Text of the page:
SHOULD CHRISTIANS PRAY FOR GOD TO JUDGE THEIR ENEMIES? by Michael Horton for Core Christianity
One of the treasures of worship in the Christian church is the Psalter: one hundred and fifty inspired songs, many of them written by David. But is it appropriate to sing all of the psalms? The ones I have in mind are the “imprecatory” psalms—the ones calling down God’s judgment on our enemies. Here are a few examples:
Let death take my enemies by surprise; let them go down alive to the grave. (Ps. 55:15)
How blessed will be the one who seizes your infants and dashes them against the rocks. (Ps. 137:9)
Oh God, break the teeth in their mouths. (Ps. 58:6)
May they be blotted out of the book of life and not be listed with the righteous. (Ps. 69:28)
May his children be fatherless and his wife be a widow. (Ps. 109:9)
One pastor recently announced concerning a well-known political figure, “If he does not turn to God and does not turn his life around, I am asking God to enforce imprecatory prayers that are throughout the Scripture that would cause him death, that’s correct.” He added, “Imprecatory prayer is agreeing with God, and if people don’t like that, they need to talk to God. God said it, I didn’t. I was just agreeing with God.” But this view displays no attempt at reconciling the psalm with Jesus’ admonition to love our enemies:
“You have heard that it was said, ‘You shall love your neighbor and hate your enemy.’ But I say to you, love your enemies and pray for those who persecute you, so that you may be sons of your Father who is in heaven. For he makes his sun rise on the evil and on the good, and sends rain on the just and on the unjust.” (Matt. 5:43-45)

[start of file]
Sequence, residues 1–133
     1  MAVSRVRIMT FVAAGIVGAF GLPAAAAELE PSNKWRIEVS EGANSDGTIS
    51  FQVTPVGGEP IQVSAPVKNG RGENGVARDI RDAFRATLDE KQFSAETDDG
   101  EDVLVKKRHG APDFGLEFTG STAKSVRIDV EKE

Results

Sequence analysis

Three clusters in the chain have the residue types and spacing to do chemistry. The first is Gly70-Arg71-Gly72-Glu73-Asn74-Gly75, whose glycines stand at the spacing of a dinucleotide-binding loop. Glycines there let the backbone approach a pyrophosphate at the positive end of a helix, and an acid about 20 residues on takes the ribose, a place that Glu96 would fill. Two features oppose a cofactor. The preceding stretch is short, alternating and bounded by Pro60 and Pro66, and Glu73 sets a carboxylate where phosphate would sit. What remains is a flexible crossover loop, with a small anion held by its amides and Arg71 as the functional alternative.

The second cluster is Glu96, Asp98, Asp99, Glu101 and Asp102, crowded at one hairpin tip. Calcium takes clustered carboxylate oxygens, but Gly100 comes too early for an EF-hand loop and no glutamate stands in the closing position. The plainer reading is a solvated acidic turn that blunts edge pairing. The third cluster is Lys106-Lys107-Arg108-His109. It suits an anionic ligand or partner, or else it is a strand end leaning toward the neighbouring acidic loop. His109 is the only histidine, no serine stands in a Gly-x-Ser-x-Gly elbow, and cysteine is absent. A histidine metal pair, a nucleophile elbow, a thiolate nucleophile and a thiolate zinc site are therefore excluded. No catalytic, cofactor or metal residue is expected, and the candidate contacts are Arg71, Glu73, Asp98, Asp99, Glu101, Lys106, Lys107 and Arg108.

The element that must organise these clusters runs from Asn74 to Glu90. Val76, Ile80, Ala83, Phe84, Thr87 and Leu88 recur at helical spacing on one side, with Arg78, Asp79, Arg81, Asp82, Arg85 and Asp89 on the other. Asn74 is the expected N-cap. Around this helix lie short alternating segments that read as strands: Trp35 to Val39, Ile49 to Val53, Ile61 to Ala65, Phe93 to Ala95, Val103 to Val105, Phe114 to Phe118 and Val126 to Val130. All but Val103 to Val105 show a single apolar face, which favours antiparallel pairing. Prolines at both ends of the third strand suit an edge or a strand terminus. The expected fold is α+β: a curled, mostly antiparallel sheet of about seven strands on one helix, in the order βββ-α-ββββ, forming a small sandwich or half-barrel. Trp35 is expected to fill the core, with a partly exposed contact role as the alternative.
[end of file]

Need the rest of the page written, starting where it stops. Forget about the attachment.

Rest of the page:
When Jesus tells us, “You have heard that it was said,” he is quoting a rabbinical tradition that expresses the attitude God expected his people to have toward those for whom his judgment was ripe. “Do I not hate those who hate you, O Lord? And do I not loathe those who rise up against you?” (Ps. 139:21). When Jesus tells them, “You have heard that it was said, ‘An eye for an eye and a tooth for a tooth,’” he is quoting Exodus 21:24 and Leviticus 24:20. “But I say to you, do not resist the one who is evil. But if anyone slaps you on the right cheek, turn to him the other also” (Matt. 5:38–39).
This is not to set Jesus over against Moses and the law. Rather, it is to reckon with the wonderful truth that Jesus fulfilled the law and is now repealing the terms of the old covenant treaty. The theocracy is over. God’s kingdom is no longer identified with a geopolitical state, but with an international kingdom of priests (Rev. 5:9).
In the imprecatory psalms, David is invoking the sanctions of the covenant, not simply expressing his private vengeance. But he is invoking the Mosaic covenant, which we are told is now “obsolete” with the coming of Christ (Heb. 8:13). We are now in an era of the common curse (sin and death) and common grace (God’s gracious providence in restraining the effects of the curse). We are not in a state of holy war with a holy land. In this time between Christ’s two comings, there is space for repentance and faith, when not only Jews but Gentiles are streaming to Zion. Even the enemies of Christ and his church are being converted around the world.